Genomic analyses of the RNA-binding protein Hu antigen R (HuR) identify a complex network of target genes and novel characteristics of its binding sites.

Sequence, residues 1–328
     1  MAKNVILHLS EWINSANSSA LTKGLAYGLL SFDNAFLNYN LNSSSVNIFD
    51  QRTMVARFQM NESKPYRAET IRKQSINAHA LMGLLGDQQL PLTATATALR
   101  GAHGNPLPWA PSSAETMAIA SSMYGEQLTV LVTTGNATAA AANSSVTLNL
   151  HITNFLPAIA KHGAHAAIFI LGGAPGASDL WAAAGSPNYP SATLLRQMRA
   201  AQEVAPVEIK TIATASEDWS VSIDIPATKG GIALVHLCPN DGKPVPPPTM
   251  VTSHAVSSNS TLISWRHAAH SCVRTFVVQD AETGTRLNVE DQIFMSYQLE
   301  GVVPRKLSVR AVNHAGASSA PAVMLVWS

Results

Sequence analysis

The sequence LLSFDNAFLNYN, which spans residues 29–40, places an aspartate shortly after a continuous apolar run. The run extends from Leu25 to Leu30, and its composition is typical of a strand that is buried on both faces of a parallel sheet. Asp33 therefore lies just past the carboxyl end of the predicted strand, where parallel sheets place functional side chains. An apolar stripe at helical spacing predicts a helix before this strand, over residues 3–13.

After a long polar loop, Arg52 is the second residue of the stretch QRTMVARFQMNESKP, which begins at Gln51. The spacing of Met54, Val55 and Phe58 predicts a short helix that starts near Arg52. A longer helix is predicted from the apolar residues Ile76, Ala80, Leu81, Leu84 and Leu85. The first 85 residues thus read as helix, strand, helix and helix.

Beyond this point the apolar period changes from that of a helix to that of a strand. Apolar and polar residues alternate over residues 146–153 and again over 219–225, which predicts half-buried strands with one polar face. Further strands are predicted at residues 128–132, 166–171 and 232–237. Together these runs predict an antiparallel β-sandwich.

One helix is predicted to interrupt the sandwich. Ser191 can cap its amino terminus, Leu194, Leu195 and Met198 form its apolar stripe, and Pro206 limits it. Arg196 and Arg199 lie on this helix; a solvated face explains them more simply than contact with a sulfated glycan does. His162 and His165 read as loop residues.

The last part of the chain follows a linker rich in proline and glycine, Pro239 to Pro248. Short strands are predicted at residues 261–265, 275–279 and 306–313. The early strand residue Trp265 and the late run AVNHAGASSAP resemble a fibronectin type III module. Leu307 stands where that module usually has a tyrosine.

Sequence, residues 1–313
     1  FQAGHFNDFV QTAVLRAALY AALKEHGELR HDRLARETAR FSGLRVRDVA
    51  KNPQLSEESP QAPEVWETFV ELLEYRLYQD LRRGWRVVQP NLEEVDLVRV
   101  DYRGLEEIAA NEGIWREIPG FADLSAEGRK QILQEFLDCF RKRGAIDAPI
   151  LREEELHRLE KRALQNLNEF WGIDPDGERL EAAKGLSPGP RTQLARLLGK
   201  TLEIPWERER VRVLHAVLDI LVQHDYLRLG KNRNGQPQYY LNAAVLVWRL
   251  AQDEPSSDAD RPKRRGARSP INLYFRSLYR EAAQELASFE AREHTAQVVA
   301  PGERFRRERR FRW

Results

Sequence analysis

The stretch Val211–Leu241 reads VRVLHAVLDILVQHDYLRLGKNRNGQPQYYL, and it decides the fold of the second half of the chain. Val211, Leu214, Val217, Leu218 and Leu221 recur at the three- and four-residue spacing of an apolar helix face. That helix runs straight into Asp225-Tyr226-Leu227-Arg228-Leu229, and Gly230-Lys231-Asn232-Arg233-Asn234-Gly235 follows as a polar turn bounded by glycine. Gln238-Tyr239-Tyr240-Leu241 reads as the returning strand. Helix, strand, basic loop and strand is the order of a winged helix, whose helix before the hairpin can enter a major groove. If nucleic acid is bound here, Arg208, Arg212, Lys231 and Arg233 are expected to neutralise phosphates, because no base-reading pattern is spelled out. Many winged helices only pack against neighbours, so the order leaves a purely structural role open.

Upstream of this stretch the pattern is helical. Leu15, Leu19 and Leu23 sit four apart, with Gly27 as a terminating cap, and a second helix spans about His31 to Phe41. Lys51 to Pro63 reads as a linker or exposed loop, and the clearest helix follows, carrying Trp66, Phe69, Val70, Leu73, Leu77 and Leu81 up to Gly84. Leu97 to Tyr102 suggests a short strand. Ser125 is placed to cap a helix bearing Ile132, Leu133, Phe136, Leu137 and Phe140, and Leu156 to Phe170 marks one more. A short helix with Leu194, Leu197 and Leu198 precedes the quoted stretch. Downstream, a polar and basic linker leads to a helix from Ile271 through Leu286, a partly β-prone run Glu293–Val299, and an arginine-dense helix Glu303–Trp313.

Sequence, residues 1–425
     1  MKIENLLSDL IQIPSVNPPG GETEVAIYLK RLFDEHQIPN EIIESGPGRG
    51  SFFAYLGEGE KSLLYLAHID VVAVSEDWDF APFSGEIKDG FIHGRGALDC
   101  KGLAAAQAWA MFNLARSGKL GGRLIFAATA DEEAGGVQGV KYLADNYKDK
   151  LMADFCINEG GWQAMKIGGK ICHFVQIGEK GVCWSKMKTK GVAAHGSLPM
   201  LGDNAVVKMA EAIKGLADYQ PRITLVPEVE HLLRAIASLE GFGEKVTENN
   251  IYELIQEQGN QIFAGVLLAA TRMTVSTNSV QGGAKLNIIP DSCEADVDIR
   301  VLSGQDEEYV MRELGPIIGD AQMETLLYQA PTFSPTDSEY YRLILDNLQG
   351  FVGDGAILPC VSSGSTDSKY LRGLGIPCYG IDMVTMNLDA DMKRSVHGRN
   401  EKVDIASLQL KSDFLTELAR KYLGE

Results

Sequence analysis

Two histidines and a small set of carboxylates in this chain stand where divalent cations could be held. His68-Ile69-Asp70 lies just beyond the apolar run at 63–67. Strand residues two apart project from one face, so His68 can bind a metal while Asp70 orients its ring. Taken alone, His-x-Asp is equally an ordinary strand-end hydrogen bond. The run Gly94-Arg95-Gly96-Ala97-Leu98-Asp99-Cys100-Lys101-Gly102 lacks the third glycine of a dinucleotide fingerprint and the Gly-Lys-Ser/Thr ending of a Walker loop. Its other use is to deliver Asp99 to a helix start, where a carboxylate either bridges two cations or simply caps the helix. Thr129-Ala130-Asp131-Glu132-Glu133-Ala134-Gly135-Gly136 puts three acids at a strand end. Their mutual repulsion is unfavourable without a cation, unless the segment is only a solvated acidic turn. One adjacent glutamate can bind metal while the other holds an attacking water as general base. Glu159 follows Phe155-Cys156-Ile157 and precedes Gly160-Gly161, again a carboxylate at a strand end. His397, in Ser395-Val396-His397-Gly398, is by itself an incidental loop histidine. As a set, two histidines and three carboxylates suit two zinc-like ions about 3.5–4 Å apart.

The ubiquitously expressed RNA-binding protein Hu antigen R (HuR) or ELAVL1 is implicated in a variety of biological processes as well as being linked with a number of diseases, including cancer. Despite a great deal of prior investigation into HuR, there is still much to learn about its function. We take an important step in this direction by conducting cross-linking and immunoprecipitation and RNA sequencing experiments followed by an extensive computational analysis to determine the characteristics of the HuR binding site and impact on the transcriptome. We reveal that HuR targets predominantly uracil-rich single-stranded stretches of varying size, with a strong conservation of structure and sequence composition. Despite the fact that HuR sites are observed in intronic regions, our data do not support a role for HuR in regulating splicing. HuR sites in 3'-UTRs overlap extensively with predicted microRNA target sites, suggesting interplay between the functions of HuR and microRNAs. Network analysis showed that identified targets containing HuR binding sites in the 3' UTR are highly interconnected.